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Kosovo mission at its most difficult and delicate phase – UN envoy

Kosovo mission at its most difficult and delicate phase – UN envoy

The top United Nations official in Kosovo said today the UN mission there had entered “what is perhaps its most critical and delicate phase” with the transference of competencies to local provisional institutions.

“Responsibilities have to be transferred gradually, so that the society’s institutions have the capacity to bear them,” Michael Steiner, the head of the UN Interim Administration Mission in Kosovo (UNMIK), told the Permanent Council of the Organization for Security and Co-operation (OSCE) in Europe in Vienna.

“This makes local capacity building and monitoring more important than ever,” he added. “As we transfer more responsibilities, we have to intensify our monitoring of how they’re carried out. With its seasoned field presence, the OSCE is uniquely qualified to play the leading role in this critical process.”

Outlining the priorities of fighting organized crime, establishing the rule of law, human rights and a market-based economy, and speeding the return of refugees, Mr. Steiner said integration within Kosovo was the key to the province’s integration within Europe.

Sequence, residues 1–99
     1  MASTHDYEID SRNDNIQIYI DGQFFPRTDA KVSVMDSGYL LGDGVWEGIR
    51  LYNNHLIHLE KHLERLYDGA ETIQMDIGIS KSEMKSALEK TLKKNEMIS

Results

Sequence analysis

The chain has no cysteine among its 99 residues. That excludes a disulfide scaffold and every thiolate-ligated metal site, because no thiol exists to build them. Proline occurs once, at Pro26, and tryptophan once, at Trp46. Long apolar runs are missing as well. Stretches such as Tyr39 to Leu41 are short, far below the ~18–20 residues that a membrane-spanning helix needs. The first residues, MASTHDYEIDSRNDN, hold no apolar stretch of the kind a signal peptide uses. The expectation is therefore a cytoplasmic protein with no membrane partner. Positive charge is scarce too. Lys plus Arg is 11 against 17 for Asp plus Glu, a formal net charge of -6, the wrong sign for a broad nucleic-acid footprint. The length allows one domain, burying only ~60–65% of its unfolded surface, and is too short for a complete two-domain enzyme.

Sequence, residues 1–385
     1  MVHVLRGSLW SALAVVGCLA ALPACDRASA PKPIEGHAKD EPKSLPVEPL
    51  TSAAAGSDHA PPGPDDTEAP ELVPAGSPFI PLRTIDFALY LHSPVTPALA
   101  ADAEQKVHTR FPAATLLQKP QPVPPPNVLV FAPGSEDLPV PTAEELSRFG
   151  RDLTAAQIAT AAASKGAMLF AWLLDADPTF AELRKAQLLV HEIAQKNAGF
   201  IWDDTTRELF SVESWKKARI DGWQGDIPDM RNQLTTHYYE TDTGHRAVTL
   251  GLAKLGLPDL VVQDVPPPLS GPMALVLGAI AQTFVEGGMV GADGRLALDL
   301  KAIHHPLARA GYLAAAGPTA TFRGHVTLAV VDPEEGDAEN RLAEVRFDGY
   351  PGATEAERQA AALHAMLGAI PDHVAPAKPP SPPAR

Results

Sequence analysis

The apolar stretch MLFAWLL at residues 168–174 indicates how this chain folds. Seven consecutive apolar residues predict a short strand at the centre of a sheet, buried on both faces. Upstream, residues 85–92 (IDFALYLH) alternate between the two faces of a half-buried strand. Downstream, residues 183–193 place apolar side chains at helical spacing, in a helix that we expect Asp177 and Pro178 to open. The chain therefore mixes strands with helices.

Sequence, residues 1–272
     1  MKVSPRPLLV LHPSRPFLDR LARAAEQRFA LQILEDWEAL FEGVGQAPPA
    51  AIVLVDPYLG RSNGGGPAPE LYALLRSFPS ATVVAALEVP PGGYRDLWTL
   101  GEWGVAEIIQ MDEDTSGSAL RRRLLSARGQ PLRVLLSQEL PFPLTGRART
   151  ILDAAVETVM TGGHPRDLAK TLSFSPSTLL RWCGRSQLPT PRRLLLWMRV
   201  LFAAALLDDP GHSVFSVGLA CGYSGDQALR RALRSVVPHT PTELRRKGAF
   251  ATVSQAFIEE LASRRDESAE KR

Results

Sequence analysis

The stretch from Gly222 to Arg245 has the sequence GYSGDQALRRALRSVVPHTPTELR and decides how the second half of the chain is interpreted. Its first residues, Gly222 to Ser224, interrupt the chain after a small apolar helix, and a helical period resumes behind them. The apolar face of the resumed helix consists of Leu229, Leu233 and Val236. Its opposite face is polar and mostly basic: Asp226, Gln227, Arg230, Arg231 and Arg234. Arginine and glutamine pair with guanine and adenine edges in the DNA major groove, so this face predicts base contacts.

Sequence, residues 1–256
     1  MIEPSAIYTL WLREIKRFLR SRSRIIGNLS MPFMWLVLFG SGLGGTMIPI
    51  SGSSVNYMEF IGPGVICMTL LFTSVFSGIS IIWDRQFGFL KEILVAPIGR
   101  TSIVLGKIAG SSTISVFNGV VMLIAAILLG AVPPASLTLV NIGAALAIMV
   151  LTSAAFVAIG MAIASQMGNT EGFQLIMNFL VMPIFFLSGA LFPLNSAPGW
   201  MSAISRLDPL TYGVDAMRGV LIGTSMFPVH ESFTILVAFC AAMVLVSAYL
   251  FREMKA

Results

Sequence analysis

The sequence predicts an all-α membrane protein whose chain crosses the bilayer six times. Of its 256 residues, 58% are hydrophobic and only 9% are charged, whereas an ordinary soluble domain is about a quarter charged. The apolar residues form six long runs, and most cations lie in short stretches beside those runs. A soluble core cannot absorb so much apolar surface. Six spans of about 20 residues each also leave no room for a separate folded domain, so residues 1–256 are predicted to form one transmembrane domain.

“Transforming Kosovo into a place where all its people can live in security and dignity is not only essential for the sake of minority communities,” he declared. “It is essential for the long-term stability of the Balkans and Europe itself. To achieve this transformation, we need to help Kosovans to make European standards their own.”

He stressed that with regard to organized crime, a regional problem, Europe faced a choice in weighing the importance of Kosovo next to competing priorities farther afield.

“To put it starkly,” he said, “Europe can either help us fill our prisons in Kosovo by supporting vital work in training police, developing the judiciary and developing technical forensic expertise. Or Kosovo will help fill prisons in Europe. Clearly, this would be a bad bargain. Instead, after the huge investment made already, we must continue our work to make Kosovo a beacon for the rule of law and, ultimately, an exporter of stability.”

UNMIK is a success because the engagement of the international community he said. “It has been a joint endeavour,” Mr. Steiner declared. “The legitimacy that comes from the UN and the support of the whole Security Council means that the whole world is represented in Kosovo. And the three pillar structure, put in place from lessons learned in Bosnia, has been a big success. It represents the EU (European Union), the UN and the OSCE working hand in hand in UNMIK.”